Alternatively--and this is what I like to do--is assign students to read the captions that Lawrence wrote for each panel. The captions and paintings are excellent tools to describe not just the who, what, when, where and why of the Migration, but the feelings and emotions as well.

For biographical information about Jacob Lawrence, see the Whitney Museum of American Art or the Jacob and Gwen Knight Lawrence virtual resource center. And see this story from NPR on the current exhibit on Lawrence's migration series in its historical context.

The other reason I like to use these paintings is because they create a perfect segue into a discussion of the creation of the urban African American culture I mentioned above. Though Lawrence painted his series in 1940-1941, he grew up in Harlem during the period known as the Harlem Renaissance. (He was born in 1917, so he was a little young). His paintings were said to be inspired by the poem of Langston Hughes, "One-Way Ticket."(See here for the poem, and also a link to a larger collection from Chicago's Newberry Library about the Great Migration. You can also link here to download a recording of Hughes himself reading the poem.) Or I also like to use one of Hughes's other poems, "The South." 

I probably don't say it often enough in this blog, so I'll say it now: history is one of the humanities. And the humanities include art, literature, and music. Teaching about the Harlem Renaissance is one of the great opportunities to connect with your Language Arts teachers down the hall. (It is also one of the topics that turned me from an English major in college to a focus on history, ultimately majoring in American Culture!)

One of my non-teaching passions is music, so I'm always looking for excuses to expose students to music they likely don't know and that has historical significance. One of my favorites for this topic, "Down in Mississippi." I post the lyrics up on the screen while playing it.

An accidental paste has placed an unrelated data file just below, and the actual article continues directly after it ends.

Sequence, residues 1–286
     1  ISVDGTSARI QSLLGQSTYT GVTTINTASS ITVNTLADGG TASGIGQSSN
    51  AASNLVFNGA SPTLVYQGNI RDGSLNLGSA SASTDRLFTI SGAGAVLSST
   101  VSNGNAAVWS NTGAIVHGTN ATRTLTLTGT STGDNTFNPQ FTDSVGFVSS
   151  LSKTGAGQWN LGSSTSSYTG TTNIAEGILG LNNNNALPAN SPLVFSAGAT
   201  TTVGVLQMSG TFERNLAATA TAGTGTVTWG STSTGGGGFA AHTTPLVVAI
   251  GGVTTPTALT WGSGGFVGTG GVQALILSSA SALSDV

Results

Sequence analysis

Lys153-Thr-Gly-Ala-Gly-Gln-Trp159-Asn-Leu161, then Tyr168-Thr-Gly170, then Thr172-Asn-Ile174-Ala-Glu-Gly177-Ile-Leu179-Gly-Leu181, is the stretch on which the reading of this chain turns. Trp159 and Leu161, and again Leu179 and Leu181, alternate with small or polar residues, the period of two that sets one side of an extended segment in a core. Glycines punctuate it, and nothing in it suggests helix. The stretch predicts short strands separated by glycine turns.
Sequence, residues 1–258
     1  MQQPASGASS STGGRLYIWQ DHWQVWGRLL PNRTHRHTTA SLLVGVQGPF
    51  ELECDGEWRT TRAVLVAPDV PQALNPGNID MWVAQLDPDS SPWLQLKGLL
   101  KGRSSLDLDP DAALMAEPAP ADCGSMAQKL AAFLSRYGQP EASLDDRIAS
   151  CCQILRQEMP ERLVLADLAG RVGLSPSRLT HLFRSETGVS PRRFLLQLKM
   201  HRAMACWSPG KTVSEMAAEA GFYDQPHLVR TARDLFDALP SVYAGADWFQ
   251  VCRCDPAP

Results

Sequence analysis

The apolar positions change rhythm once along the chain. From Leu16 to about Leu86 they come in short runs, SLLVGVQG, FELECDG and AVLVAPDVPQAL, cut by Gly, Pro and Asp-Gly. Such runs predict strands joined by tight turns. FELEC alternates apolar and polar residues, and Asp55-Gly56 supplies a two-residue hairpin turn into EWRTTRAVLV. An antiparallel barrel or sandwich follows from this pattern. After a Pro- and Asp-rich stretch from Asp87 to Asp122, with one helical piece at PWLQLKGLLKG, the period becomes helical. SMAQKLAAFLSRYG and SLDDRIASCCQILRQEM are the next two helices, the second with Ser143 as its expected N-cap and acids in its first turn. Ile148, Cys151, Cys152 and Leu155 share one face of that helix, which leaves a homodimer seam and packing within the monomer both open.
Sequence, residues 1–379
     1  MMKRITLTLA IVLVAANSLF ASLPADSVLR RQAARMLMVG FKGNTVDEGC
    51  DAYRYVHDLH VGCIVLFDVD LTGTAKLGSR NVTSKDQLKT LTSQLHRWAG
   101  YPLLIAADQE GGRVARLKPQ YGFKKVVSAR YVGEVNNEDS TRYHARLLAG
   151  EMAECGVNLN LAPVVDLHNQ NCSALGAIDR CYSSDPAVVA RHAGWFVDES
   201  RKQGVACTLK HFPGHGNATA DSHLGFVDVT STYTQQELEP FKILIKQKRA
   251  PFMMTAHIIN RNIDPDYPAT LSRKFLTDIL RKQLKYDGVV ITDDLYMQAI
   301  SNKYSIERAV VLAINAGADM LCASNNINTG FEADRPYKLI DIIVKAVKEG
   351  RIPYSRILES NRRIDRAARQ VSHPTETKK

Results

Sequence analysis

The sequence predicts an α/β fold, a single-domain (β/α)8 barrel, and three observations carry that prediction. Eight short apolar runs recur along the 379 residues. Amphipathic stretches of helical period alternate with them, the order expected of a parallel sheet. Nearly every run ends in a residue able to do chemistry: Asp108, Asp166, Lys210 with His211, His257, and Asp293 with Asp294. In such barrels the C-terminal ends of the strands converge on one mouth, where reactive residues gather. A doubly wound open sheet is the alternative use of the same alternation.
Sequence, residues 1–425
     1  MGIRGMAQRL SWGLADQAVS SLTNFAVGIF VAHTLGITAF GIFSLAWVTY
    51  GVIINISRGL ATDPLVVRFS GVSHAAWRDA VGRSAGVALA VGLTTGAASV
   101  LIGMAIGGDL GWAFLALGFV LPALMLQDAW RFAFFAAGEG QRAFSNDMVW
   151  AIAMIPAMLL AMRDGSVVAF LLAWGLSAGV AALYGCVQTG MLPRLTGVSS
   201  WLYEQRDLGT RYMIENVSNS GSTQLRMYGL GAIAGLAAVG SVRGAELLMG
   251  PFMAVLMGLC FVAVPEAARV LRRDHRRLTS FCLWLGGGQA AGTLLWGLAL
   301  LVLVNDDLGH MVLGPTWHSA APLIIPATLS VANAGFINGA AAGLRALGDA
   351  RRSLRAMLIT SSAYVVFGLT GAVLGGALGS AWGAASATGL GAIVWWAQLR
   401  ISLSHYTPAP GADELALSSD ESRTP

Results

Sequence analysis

Here are just a few more references for you to expand your lesson on the Great Migration to the Harlem Renaissance:


With the events of Ferguson this year, and the Black Lives Matter movement (see yesterday's article from the Huffington Post) it is especially poignant to me that I feel the need to follow a lesson on the Great Migration with a lesson on race riots. The Chicago race riot of 1919, the East St. Louis riot of 1917, the Tulsa riot of 1921.... I used to conclude my lesson on migration with just a brief lecture about the Chicago riot of 1919, and conclude by suggesting that while such riots eroded the "myth of the Promised Land" by demonstrating that life did not become automatically better by moving to the North. And it is a critical point to come back to when you get to the Civil Rights movement of the 1950s and 1960s, as race riots will once again rattle across Northern cities. Today, I'd be inclined to develop this into a lesson of its own. See here for a good starting place, from the SHEG (Stanford History Education Group).

In order that this blogpost doesn't go on too much longer (and because my kids will be wondering soon what is for dinner!) I will leave you with this parting question about the intersection of history and the present: recently, there has been a reverse migration of African Americans from Northern cities "back" to the South-- what does this tell us race and American today? Here are a few articles to give you the background on that trend (remember, whites are moving out of the cold, snowy North, too!):



* From the beginning of this post, here are the websites where you can find racial maps of other regions: